The work of the Supervision and Enforcement Unit was presented by the Head of Unit, Thomas Zerdick, with a focus on "hands-on" experience of investigation methodology and tools related to the investigative, corrective and advisory powers of the EDPS. Massimo Attoresi, Deputy Head of Technology and Privacy Unit talked about this unit’s work and expertise that is currently additionally invested in the pilot projects of Tech Sonar, Website Evidence collector, EU Voice / EU Video and others, which all have a strong foresight component.
At the end of the visit to EDPS, Wojciech Wiewiórowski, the European Data Protection Supervisor, underlined the importance of the EDPS, especially on advising national parliaments, governments and other institutions and bodies on legislative and administrative measures relating to the protection of personal data. Mr. Wiewiórowski said that co-operation and exchange of experiences between regions and administrations related to data protection is welcomed and needed so that all aspects, achievements and failures equally, are discussed and advice is transferred by bilateral cooperation and events such as this learning week.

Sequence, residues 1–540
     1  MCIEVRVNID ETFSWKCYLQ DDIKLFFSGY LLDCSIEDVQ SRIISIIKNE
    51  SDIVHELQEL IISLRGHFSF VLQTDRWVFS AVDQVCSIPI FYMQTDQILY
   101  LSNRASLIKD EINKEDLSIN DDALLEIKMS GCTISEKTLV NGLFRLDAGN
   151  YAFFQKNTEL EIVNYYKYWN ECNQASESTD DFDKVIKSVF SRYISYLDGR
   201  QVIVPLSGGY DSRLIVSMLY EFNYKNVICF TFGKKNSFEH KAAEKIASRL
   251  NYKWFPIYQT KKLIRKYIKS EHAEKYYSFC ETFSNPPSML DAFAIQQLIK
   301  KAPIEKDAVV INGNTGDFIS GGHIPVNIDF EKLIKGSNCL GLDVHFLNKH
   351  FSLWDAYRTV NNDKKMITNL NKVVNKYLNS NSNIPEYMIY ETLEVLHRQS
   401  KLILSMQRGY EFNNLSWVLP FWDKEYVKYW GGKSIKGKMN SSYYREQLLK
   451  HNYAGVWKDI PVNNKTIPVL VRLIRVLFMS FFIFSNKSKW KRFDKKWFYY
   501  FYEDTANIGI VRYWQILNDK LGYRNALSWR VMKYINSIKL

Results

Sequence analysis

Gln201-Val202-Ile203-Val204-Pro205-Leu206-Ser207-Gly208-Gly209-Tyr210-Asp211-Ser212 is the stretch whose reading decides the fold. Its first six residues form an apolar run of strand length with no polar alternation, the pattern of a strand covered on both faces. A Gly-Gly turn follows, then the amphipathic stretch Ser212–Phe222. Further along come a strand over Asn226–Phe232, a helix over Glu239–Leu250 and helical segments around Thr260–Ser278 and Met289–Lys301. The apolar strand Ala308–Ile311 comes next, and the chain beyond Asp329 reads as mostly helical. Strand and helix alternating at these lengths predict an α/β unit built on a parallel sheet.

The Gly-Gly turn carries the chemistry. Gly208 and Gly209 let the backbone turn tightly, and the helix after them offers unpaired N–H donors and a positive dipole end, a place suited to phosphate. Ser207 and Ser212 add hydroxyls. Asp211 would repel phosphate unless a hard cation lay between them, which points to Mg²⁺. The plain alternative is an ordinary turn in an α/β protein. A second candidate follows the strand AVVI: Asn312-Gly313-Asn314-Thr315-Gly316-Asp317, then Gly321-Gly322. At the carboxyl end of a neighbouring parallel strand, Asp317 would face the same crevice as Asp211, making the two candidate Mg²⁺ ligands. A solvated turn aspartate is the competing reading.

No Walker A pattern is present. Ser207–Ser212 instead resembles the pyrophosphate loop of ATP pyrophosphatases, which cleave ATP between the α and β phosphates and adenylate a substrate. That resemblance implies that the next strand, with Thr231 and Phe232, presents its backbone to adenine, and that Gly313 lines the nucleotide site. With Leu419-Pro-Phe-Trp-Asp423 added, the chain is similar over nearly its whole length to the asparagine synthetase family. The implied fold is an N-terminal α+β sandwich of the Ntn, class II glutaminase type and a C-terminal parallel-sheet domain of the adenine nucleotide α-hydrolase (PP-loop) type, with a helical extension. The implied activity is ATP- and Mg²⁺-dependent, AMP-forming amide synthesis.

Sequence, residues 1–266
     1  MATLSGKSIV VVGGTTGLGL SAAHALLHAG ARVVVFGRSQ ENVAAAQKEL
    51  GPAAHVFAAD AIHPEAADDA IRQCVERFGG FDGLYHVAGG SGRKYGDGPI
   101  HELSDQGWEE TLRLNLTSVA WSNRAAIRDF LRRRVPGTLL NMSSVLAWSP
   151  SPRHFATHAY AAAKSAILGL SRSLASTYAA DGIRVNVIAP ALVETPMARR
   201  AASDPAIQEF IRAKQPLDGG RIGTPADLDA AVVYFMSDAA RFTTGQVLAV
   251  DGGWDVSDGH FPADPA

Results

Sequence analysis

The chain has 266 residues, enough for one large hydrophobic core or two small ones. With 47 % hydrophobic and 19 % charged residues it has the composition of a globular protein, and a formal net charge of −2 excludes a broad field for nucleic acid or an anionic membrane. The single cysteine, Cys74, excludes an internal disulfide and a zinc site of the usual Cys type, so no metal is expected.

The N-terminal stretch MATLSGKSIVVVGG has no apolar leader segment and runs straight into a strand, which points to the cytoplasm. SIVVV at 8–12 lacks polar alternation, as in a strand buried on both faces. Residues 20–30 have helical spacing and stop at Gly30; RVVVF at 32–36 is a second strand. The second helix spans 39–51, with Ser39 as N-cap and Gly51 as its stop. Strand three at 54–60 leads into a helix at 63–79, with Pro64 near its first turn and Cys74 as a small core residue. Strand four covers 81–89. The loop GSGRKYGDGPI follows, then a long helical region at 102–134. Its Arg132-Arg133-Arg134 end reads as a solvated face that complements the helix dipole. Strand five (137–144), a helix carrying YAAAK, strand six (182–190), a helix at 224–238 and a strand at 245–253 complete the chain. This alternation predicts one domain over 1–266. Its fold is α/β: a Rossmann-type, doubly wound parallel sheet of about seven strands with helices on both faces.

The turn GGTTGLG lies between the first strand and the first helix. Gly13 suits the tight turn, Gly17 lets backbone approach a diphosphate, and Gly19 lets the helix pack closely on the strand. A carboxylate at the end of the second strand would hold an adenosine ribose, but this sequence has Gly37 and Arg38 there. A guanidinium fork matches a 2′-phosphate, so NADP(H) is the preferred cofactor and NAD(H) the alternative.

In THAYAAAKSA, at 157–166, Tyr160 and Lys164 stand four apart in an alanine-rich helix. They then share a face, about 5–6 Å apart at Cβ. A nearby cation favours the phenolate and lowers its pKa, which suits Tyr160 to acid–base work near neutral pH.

The second day continued with a visit to the European Data Protection Board, where, for the occasion of this learning week a dedicated plenary session of the EDPB was organised. Welcoming the eleven participating delegations, the Chair of EDPB, Anu Talus opened the plenary session giving the floor to the SIGMA Programme to present the overall aim of this unique endeavour and to each delegation to present the state of play in their respective economies. Nick Thijs, Senior Adviser, SIGMA briefly presented the work of SIGMA, GiZ, RCC and ReSPA and underlined that this event is the result of the efforts of all four organisations in assisting the economies from the Western Balkans and Eastern Partnership on their accession path as well as in reforming their public administrations. Meeting and getting insight into key aspects of data protection in the EU is part of these efforts and the readiness of EU interlocutors to share their knowledge and experiences is accepted with great interest and appreciation.